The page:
Investment Risk And Stock PricesBradford Cornell
Academics and practitioners alike recognize that increase in the perceived risk of equity investing, and the associated increase in the risk premium, can cause stock prices to fall. Most of the measures of risk are abstract like the historical standard deviation of stock returns or the future implied volatility of returns as measured by the VIX. There is one more basic measure that I believe has a more visceral impact, the frequency of large drops, defined as 1% or more, in widely reported stock indexes. When sharp price drops occur not only do investors lose money, but the decline is big news in the financial press. Pundits weigh in with explanations for the drop and worry about whether further declines are likely. If several drops occur in close proximity, the impact is multiplied.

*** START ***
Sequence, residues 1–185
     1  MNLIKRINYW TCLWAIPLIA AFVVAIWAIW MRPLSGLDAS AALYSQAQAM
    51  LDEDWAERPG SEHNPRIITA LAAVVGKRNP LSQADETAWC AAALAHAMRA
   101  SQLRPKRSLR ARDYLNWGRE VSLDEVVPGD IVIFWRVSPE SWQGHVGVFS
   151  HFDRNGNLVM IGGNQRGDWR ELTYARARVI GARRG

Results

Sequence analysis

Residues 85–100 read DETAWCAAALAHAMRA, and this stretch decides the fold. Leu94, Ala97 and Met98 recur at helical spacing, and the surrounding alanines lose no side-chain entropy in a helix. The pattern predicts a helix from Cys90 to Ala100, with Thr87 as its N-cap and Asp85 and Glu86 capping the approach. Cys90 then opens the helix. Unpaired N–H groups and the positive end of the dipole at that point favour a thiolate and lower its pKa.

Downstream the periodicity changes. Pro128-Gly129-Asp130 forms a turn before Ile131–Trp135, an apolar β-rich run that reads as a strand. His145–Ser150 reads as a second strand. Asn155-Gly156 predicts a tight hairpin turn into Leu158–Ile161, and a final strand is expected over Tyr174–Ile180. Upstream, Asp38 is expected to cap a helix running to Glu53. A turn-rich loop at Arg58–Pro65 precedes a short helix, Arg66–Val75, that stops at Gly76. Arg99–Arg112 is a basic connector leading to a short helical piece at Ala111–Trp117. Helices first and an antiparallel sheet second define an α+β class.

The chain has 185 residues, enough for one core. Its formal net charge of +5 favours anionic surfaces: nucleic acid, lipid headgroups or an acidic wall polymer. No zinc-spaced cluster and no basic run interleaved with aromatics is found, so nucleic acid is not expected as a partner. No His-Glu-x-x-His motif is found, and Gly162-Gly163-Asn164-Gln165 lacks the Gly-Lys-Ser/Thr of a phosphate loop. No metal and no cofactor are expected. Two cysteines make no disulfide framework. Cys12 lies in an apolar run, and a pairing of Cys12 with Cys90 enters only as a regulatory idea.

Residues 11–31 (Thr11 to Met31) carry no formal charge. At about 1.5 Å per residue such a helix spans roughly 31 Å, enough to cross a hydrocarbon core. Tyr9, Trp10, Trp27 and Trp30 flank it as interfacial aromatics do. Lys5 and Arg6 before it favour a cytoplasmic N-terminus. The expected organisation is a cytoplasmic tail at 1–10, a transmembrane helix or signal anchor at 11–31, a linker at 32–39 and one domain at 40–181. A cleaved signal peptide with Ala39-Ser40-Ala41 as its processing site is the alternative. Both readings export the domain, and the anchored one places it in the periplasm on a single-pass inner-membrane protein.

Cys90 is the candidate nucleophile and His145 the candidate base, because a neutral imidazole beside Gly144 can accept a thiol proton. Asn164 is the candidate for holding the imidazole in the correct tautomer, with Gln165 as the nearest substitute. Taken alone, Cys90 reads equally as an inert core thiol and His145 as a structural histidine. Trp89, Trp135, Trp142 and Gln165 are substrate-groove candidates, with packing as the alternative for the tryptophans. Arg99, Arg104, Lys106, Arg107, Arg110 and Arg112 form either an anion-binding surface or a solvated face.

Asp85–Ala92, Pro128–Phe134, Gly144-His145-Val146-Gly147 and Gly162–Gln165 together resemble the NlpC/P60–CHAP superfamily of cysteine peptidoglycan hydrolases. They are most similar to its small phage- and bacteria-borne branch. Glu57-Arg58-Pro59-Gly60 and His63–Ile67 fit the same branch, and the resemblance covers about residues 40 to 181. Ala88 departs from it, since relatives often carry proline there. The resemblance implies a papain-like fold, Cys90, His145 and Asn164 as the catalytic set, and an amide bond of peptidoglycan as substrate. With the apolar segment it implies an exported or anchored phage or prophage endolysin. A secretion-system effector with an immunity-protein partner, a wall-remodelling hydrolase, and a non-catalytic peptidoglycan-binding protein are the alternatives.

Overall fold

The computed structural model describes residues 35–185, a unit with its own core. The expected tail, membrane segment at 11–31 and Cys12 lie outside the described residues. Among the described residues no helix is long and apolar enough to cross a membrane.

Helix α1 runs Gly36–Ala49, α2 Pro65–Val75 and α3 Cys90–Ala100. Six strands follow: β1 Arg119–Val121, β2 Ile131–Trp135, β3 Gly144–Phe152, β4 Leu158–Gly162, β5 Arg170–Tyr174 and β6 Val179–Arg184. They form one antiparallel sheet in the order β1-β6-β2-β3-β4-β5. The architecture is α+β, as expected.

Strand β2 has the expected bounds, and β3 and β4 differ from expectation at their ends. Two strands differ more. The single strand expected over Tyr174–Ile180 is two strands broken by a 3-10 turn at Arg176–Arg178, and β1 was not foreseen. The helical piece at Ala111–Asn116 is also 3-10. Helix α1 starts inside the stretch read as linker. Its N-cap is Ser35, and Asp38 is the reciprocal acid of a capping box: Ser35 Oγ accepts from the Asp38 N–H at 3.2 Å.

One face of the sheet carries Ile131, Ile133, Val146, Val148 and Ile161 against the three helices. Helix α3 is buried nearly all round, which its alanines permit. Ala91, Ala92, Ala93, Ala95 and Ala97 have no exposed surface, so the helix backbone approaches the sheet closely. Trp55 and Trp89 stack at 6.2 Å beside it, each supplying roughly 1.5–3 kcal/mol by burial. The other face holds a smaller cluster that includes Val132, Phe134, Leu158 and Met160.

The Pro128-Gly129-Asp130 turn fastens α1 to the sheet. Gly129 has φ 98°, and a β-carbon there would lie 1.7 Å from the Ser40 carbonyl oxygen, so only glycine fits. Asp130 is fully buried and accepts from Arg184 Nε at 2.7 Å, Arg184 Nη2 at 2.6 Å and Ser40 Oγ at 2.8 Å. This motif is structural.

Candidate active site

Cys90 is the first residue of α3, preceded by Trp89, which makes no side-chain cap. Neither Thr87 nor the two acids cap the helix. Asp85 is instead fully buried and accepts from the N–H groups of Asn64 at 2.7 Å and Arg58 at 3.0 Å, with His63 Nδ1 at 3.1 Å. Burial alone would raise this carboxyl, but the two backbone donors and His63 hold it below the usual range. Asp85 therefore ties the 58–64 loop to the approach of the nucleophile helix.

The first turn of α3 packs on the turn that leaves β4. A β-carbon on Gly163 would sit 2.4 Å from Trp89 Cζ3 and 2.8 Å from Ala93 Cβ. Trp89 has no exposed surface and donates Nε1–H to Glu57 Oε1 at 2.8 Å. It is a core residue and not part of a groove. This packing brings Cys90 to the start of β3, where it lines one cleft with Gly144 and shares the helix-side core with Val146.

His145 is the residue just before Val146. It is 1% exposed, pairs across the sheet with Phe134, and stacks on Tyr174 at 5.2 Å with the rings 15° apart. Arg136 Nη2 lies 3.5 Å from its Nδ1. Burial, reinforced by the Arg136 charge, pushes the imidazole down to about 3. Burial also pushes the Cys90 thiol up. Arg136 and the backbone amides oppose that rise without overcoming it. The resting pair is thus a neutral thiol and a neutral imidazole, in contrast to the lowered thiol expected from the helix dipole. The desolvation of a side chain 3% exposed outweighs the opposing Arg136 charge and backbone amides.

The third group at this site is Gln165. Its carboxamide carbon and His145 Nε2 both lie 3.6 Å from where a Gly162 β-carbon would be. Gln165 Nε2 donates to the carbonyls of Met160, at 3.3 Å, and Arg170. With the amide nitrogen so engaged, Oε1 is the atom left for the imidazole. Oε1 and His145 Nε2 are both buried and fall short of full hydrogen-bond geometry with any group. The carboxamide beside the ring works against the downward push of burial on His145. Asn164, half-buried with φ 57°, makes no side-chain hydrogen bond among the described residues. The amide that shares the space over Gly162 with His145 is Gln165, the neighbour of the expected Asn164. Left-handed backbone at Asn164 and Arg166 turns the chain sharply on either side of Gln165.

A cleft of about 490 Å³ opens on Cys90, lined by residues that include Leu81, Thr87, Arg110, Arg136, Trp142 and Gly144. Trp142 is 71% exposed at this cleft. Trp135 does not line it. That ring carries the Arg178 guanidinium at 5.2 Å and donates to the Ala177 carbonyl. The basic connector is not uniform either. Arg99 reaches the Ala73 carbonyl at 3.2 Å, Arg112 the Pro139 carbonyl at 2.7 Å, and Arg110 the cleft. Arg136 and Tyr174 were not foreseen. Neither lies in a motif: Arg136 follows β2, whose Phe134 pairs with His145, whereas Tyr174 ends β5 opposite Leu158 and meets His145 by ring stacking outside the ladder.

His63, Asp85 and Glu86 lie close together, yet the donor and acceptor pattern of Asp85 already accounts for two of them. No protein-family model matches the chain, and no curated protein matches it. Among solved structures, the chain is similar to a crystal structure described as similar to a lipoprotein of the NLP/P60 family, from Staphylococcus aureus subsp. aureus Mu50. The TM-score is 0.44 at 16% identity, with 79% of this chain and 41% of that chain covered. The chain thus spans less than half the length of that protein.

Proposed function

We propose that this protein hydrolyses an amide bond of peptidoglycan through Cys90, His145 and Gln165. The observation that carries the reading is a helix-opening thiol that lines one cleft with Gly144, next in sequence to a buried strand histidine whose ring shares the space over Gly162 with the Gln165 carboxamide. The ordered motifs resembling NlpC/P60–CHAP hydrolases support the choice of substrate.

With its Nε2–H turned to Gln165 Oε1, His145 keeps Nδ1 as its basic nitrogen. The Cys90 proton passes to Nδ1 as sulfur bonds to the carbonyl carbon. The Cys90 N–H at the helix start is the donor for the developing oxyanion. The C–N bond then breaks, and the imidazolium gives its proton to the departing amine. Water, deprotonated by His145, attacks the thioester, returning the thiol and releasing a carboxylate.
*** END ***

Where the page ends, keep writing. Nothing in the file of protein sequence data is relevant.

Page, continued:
For the foregoing reasons, I like to track the frequency of 1% drops. In the year from October 1, 2016 through September 30, 2017, for example, there were only 5 drops of 1% or more. Furthermore, they were widely dispersed and typically followed by immediate recoveries. Such a low rate of large drops was well below historical averages and, no doubt, conveyed an impression of quiescent times. In October 2018, the situation was dramatically different. There were 5 drops of 1% or more in that month alone – a rate 12 times that of the past year. Not surprisingly, the financial press was filled with stories about the increased risk of stock investing along with a host of explanations for the drops. From my perspective many of the explanations are speculative at best, but tracking the frequency of large drops is a recommended exercise nonetheless.
Article by Brad Cornell’s Economics Blog